Let's Start Well

training Alasdair

Alasdair Good results come from good performances, and good performances come from being focused and in the moment. When you are in the moment you do everything you have practised. There are many ways you can work on this: building up your fitness, improving your orienteering techniques, refining your mental routines to cope well in pressure situations, and so on. Let's just take an example of something you may have given little thought to: your race day routine.

If you want to improve your chance of a good result, it's not just how you will find the controls out on the course, it also involves how you will prepare for the race and feel that you are ready to start well. Developing this as a routine makes it happen more easily.

Timing

  • Have a think about what works well for you before a race. Do you need lots of time to change and prepare yourself? Do you like to eat or go to the bathroom at a certain time? How do you check you have everything you need?
  • Once you know what works for you try to replicate this before races and training to get yourself used to it.

Warm-up

  • The point of a warm up is to get you ready to race. This means that you have to find something that works best for YOU, and that you trust. It has to get you in the right physical and mental state for YOU before you start.
  • Once you have a warm-up routine that you like, repeating it before races and training will get you in the best place to race.

Start Lane

  • What do you like to think about in the start lane? What gets your thoughts in the right place so that you are prepared to orienteer well?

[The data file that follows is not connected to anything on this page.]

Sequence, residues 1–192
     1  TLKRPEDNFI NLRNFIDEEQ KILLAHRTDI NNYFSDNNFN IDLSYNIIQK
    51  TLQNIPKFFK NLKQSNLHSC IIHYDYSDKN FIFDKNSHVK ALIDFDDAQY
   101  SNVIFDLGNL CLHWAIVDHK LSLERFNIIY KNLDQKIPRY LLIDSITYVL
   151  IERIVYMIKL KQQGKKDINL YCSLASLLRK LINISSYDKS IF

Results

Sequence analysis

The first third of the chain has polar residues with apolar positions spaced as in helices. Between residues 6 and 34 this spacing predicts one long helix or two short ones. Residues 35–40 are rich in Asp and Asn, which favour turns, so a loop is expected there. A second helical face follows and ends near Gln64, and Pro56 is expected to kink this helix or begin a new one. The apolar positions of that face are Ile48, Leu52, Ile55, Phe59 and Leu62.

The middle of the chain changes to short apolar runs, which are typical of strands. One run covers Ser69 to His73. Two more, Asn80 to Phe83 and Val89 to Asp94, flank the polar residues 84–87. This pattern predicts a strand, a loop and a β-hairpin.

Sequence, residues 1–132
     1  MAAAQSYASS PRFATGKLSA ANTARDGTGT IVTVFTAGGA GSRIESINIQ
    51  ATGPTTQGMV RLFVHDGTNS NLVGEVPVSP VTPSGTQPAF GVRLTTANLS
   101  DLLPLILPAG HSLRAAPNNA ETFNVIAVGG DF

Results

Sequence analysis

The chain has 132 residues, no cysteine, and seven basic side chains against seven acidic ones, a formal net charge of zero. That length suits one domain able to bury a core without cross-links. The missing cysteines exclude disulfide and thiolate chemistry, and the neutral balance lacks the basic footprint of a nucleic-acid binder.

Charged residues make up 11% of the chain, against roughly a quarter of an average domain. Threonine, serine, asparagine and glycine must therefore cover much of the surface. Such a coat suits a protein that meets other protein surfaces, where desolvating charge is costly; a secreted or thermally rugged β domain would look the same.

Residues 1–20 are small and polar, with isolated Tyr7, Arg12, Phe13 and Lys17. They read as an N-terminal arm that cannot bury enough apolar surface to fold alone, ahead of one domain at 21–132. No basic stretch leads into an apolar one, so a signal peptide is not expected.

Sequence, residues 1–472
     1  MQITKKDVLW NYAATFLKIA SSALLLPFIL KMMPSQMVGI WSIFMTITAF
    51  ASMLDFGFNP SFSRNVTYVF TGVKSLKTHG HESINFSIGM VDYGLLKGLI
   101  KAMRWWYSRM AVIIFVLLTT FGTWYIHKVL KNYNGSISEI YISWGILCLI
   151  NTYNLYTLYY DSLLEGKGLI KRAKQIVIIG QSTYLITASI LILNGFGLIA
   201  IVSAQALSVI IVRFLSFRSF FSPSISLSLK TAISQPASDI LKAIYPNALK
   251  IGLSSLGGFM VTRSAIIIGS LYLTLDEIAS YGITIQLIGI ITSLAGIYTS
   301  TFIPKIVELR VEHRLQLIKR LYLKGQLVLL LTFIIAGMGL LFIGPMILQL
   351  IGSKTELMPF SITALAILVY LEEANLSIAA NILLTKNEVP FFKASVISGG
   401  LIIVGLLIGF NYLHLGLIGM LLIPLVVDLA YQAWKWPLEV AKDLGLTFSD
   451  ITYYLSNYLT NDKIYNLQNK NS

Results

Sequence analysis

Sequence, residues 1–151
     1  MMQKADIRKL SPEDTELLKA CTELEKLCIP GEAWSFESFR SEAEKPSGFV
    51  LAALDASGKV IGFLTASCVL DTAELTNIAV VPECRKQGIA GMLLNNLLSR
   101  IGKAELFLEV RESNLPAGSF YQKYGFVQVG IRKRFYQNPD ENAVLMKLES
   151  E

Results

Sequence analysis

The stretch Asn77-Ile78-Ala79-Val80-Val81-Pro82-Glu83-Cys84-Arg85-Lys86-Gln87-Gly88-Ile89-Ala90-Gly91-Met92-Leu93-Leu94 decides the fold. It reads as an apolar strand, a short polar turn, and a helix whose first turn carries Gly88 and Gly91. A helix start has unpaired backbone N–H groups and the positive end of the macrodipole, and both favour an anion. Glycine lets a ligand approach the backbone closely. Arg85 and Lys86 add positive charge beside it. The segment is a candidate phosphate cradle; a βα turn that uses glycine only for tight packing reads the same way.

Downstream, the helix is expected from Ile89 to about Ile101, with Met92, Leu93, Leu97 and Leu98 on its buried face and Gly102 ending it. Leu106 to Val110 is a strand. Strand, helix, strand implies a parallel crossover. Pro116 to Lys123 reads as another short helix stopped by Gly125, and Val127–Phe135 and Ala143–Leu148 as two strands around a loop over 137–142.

• Like having a warm up routine, having a routine of what you think about in the start lane can help you get to be ready to orienteer.

You can practice these routines by recreating the race conditions (start times, call-ups, etc.) in training exercises, or by using orienteering competitions that are less important to you. This way when a more important race comes along you will be doing all the things that you have practiced and you are good at.


A note from On The Red Line editorial:

Following on from Alasdair's article, you could:

  1. Put a note on your calendar by your next race to a) manage your start routine and b) review how that went afterwards
  2. Reinforce the reading by watching a 10 minute video showing the concentration at the start of a race of a previous European Championships.

Concentration - International athletes starting

As a side benefit, it includes close-ups of many of the best-known names in international orienteering, names you will no doubt see in On The Red Line as the competition season unfolds.

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